John 18:28-38; Luke 23:7-12 (spring AD 30, Friday of Passion Week)
The religious leaders took the Son of God to the idolatrous Roman governor, in hopes of having the Son of God executed by the Roman authorities. As they went to the governor, they made sure to be ceremonially clean by not going inside, as to enter a Gentile dwelling on the Sabbath would have made them unclean. John’s detail (v.28) may seem minor but oozes a pus-like irony.
They then had the chutzpah to get smart with Pilate, continuing to treat him with ill-disguised loathing. When he asked what the charges were, they didn’t really have any, so they just said they wouldn’t have taken Jesus there if he wasn’t a criminal. Pilate questioned Jesus and didn’t have a problem with him either except that Pilate didn’t believe in absolute truth and Jesus did.
Relieved to hear that “Jesus was under Herod’s jurisdiction” (Luke 23:7), Pilate packed Jesus off to him, happy to avoid the awkward situation with the Jewish rulers. This was the same King Herod who’d ordered the beheading of John the Baptist and who, six years later, would be sent to exile in Spain after being accused of plotting against the Roman Emperor Caligula.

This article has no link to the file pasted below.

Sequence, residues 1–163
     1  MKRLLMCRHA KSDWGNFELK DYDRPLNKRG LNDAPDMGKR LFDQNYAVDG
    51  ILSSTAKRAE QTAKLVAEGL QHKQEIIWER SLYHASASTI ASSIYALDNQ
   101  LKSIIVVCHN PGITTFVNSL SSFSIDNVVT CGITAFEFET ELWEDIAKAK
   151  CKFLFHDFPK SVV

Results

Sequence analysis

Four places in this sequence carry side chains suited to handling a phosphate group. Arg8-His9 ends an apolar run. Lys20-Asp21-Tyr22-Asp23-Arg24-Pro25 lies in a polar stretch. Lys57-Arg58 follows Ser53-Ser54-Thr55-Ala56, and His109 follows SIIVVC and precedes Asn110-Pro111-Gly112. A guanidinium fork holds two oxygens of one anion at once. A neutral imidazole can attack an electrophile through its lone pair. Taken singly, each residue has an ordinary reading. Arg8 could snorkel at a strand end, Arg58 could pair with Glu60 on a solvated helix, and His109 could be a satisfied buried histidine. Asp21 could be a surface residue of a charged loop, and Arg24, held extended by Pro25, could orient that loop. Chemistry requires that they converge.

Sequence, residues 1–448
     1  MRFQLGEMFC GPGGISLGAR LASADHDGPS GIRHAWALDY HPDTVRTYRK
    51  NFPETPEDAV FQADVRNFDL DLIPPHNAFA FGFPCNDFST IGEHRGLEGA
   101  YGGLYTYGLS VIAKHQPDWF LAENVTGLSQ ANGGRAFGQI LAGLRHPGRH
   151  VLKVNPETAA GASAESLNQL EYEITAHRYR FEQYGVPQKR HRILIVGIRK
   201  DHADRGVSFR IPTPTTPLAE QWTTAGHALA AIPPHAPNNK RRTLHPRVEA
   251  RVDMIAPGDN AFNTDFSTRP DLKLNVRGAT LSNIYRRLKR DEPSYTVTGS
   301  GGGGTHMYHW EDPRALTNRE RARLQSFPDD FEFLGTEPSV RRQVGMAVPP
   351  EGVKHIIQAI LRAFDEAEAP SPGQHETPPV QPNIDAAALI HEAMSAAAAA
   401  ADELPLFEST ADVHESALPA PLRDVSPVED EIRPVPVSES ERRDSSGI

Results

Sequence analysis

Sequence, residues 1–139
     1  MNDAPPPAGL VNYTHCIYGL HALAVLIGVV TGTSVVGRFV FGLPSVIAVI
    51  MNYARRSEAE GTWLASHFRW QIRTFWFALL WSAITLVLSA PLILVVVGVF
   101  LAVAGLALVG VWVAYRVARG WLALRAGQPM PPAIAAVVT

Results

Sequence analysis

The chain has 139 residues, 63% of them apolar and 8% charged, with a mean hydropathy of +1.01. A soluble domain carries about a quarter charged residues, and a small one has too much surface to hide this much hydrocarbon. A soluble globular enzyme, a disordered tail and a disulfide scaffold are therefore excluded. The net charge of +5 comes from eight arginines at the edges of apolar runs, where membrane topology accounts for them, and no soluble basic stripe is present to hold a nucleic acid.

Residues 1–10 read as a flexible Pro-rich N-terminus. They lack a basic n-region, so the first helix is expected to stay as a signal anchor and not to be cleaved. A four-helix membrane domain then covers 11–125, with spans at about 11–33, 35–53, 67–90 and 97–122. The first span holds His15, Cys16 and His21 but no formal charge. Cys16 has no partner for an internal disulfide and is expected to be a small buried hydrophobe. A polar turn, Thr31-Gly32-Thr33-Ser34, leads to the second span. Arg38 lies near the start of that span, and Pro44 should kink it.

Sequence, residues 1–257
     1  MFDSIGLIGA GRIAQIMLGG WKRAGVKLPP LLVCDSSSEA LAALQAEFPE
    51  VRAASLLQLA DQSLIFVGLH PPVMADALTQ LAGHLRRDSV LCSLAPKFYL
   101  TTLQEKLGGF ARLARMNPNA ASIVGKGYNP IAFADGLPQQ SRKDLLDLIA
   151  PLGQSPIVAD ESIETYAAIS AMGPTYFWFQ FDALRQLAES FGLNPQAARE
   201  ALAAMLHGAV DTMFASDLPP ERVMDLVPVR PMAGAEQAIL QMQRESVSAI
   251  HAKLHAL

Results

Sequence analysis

When Jesus wouldn’t perform miracles for Herod’s entertainment, the king he resorted to ridicule and mockery. Then he sent Jesus – who’d become a cultural hot potato – back to Pilate.
What did Jesus do during these two times of false accusation, mockery and insult?
Jesus pointed out he was no threat to the rulers as his kingdom was of another world, not this one. (Pilate, being wilfully or unintentionally dim, could only reply, “You are a king, then!”, v.37).
Jesus said that his purpose was to speak the truth.
Jesus refused to answer questions that were asked in bad faith.
Jesus didn’t respond to the “vehement” accusations of the religious rulers.
Jesus declined to perform miracles to impress Herod.
Jesus’ example here isn’t so much, for me, grace under fire, or even patience (though he epitomised both those virtues). It’s the mind-bogglingly humble submission to his heavenly Father’s will that marked him as being so far apart from the rest of us. He was smarter, quicker of wit and more knowledgeable than everyone in the room with him, and he knew it. But he didn’t use any of that to try and rescue himself from the situation, even though it would have been easy.
So think on those temptations, as death approached, that Jesus faced down for you. And during these final three devotionals in the run-up to the crucifixion, make note of all the opportunities – temptations – Jesus had to save himself from agonising death, and thank God that he resisted all of them.